Topic: Why authoritative websites are unexpectedly falling short of w3c markup validity standards?
I suggested to a friend that markup validity could be an important measure of the quality of work done for him by some web developers he hired recently.
Out of curiosity, he then ran html validator on the sites of several major commercial establishments, including Google itself and some of the leading banks in my country. To my surprise, they all failed to meet html markup standards. Without having pored over the details of the errors, I wanted to see if you guys could shed some light on this unexpected discrepancy. You would expect major establishments' websites to be up to standard. I mean something like the Bank of America and my country's educational establishments will fail markup standards. To my relief at least, w3c was passing their own test, and the Australian government's website got the seal of approval too. But still the results are varied, and if Google can get away with it, then does that diminish the importance placed on strict markup validity standards?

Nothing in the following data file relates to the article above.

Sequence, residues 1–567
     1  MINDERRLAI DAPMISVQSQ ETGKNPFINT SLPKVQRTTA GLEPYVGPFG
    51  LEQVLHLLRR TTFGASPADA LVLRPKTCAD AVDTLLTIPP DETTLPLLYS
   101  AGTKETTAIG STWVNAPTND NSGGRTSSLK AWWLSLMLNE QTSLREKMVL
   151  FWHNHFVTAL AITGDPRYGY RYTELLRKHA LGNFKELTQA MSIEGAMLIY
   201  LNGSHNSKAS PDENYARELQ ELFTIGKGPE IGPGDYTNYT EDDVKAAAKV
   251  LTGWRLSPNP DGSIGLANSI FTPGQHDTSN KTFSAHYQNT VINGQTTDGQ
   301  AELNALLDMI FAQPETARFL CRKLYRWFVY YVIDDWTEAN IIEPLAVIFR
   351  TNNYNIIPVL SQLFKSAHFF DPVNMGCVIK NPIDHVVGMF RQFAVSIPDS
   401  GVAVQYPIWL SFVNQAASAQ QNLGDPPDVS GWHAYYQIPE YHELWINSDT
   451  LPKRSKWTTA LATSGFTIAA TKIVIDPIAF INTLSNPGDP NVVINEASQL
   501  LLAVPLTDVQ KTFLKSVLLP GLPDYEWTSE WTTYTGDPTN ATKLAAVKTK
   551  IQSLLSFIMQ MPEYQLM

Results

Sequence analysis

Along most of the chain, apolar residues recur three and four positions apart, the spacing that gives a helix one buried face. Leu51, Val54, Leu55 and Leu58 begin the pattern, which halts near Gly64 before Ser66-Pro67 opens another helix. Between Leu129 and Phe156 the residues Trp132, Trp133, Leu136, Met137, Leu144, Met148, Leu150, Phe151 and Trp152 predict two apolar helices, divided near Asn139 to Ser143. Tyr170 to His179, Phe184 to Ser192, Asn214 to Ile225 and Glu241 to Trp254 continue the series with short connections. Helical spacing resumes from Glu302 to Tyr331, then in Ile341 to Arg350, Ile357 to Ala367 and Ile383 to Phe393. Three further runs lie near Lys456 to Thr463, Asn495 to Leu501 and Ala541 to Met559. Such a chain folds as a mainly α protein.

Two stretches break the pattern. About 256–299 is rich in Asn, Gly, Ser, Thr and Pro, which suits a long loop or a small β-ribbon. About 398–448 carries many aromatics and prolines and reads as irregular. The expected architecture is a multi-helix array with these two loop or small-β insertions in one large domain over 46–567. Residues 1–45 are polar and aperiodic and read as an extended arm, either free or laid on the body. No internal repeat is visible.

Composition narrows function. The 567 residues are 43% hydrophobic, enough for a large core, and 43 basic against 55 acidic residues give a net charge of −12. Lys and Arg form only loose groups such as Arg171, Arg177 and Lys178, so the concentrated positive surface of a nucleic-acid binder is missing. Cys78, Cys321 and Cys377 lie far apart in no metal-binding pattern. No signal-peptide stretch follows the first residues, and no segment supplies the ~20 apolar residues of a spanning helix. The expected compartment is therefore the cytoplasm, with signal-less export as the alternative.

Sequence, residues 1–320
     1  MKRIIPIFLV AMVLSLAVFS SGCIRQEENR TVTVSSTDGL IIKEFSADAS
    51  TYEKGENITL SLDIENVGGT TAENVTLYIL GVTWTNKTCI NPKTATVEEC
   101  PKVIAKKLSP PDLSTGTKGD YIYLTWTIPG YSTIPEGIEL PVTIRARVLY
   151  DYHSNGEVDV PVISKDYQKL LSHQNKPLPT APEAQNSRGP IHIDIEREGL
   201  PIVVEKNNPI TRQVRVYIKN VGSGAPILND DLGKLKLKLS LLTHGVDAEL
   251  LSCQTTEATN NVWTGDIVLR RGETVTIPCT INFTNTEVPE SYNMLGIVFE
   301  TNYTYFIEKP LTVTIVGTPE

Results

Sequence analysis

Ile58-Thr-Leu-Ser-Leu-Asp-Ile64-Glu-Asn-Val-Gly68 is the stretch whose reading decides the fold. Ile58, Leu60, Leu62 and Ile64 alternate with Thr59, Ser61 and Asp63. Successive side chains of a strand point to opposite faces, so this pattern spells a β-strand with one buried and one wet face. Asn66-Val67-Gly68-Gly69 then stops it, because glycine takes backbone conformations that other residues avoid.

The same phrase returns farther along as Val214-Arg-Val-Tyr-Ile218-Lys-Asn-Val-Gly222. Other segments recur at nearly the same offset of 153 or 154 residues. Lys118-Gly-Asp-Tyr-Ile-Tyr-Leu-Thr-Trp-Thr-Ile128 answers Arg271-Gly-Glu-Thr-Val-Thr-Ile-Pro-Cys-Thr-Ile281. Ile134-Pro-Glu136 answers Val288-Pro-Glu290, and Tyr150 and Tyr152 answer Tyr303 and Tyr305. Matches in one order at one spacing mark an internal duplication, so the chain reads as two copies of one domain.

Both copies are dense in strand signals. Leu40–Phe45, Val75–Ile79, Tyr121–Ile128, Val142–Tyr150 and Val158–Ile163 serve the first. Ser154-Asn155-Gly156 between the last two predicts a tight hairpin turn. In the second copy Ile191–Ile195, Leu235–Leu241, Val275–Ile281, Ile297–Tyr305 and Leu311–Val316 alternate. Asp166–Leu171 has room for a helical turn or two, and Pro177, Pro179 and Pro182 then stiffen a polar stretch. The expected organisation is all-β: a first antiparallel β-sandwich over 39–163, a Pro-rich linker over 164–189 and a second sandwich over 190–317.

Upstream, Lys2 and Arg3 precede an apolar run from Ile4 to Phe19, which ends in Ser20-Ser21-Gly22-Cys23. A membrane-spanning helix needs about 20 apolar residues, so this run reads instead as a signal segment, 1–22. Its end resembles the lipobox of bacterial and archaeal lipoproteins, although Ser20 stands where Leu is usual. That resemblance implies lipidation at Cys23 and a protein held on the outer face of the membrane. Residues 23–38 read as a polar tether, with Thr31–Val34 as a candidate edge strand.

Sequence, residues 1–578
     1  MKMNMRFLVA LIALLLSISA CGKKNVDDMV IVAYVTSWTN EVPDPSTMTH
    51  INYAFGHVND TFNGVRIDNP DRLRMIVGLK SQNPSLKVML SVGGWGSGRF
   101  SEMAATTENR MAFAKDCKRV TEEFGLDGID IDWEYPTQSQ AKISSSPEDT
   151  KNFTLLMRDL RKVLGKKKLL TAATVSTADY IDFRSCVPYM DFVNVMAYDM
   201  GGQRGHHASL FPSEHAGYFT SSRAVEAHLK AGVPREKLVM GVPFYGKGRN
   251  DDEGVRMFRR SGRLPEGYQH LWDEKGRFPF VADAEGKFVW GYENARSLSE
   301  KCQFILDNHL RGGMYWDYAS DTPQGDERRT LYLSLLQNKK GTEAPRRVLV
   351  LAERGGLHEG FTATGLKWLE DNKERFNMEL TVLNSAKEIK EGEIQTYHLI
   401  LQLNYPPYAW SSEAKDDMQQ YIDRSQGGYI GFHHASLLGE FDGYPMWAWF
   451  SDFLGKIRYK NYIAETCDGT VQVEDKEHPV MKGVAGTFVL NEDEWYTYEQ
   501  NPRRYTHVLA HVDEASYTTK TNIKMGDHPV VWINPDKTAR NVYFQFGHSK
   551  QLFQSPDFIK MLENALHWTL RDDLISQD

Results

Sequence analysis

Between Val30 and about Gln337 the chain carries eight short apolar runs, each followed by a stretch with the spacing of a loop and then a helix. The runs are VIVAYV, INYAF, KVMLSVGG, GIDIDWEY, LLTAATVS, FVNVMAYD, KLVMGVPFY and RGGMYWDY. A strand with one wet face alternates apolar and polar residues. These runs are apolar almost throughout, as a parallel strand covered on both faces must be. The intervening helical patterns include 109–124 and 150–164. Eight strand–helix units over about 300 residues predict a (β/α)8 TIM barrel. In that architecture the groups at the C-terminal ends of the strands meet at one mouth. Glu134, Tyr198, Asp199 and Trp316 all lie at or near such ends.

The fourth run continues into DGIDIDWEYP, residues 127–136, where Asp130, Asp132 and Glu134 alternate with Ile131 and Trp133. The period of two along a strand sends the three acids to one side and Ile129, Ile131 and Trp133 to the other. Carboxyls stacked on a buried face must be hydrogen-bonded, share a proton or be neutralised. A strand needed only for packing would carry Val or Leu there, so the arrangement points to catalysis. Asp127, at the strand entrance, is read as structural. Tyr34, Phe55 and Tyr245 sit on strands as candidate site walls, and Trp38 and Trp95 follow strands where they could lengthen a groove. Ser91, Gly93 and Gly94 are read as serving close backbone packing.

Presumably most of these major establishments hire top-notch web developers and designers to produce their websites. Are there exceptions to html validity then? Reasons why sites might legitimately bear errors in their code? Or do you unqualifiedly require that they satisfy markup validation standards?